from a few brief observations, this article does not attempt to tell that larger story.7. Kloppenburg. For an earlier discussion of the idea of nature as productive force,

    particularly in the context of the new biotechnologies, see Edward Yoxen, Life as a Pro-ductive Force: Capitalizing the Science and Technology of Molecular Biology, in Science,Technology, and the Labour Process, vol. 1, ed. Les Ledivow and Bob Young (London,1981). More recently, David Goodman and Michael Redclift have written about agricul-tural biotechnology in similar terms: Modern biotechnologies immeasurably enhancethe scope, precision, and speed of selective genetic intervention for plant and animalbreeding. As the boundaries to industrial appropriation of plant and animal genomesrecede, the potential for using genetically manipulated organisms as instruments of pro-duction is correspondingly extended. These enormous recent strides in transforming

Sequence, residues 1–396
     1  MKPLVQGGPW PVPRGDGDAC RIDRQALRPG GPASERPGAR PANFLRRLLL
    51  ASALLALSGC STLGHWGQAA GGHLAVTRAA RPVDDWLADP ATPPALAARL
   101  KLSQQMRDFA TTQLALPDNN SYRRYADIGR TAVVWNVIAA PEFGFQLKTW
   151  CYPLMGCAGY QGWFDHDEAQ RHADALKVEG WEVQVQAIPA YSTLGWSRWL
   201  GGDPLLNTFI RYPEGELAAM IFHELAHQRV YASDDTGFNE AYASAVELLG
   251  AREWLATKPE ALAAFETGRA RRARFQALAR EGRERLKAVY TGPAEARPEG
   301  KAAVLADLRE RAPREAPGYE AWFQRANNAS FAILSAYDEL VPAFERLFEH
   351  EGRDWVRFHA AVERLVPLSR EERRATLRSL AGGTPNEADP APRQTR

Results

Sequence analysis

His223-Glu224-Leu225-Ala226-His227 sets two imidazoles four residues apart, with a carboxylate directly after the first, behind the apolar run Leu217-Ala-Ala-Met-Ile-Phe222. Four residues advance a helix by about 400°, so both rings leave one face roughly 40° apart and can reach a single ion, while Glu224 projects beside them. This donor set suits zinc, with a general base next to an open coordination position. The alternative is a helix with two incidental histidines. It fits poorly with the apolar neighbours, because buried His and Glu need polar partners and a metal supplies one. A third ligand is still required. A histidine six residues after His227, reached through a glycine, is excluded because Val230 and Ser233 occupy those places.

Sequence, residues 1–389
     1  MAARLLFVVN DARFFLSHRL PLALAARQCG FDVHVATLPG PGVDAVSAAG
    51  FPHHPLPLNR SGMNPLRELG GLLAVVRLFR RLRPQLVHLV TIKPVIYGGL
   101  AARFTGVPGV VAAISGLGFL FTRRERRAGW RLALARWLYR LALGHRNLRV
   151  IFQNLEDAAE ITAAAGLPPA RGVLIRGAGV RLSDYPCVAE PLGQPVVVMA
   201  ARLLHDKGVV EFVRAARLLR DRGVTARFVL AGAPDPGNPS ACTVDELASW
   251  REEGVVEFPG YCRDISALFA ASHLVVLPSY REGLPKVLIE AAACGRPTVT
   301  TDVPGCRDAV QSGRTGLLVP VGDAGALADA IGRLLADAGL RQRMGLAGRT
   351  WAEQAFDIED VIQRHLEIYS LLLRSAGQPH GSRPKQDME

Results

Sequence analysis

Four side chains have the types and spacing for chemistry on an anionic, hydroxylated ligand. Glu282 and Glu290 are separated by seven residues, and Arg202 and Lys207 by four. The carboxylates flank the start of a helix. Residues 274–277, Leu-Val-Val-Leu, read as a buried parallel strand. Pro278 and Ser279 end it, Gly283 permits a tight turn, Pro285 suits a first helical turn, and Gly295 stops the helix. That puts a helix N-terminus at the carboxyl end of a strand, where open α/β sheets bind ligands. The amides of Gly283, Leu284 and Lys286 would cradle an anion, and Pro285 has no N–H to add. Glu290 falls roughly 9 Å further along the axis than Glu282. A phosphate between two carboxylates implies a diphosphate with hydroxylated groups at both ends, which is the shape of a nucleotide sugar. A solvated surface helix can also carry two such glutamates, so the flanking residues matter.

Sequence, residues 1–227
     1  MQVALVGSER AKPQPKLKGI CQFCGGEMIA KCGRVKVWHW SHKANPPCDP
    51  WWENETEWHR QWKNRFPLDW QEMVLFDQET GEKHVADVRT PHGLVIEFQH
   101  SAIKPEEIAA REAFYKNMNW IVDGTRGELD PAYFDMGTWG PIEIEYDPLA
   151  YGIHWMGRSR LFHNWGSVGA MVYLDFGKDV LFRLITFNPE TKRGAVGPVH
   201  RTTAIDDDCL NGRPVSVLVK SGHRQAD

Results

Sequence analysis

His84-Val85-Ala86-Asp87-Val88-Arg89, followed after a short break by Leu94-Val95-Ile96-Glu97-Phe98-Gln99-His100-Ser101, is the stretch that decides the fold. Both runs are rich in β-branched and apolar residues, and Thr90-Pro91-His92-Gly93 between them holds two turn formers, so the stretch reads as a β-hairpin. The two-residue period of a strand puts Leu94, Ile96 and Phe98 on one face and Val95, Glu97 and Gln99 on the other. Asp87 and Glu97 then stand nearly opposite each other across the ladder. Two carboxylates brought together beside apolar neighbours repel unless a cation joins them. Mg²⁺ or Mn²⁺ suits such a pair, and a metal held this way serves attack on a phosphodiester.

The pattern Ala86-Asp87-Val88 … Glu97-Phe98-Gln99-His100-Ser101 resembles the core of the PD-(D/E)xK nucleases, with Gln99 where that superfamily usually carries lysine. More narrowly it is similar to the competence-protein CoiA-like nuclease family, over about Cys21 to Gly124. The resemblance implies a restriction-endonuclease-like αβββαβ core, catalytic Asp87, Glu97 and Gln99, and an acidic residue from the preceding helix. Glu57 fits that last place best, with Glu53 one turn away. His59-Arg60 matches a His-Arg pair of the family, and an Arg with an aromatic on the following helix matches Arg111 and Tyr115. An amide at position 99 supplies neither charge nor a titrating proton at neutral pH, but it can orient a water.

nature into a productive force under industrial control have built upon advances in theunderstanding of the molecular structure of biological systems made in the early 1950s.David Goodman and Michael Redclift, Refashioning Nature: Food, Ecology and Culture(London, 1991), 169.

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    sources of risk and vulnerability. Efforts to accelerate biological productiv-ity must confront the vagaries of nature and the unintended consequencesof attempts to simplify and incorporate biological processes into industrialsystems. New vulnerabilities associated with genetic monocultur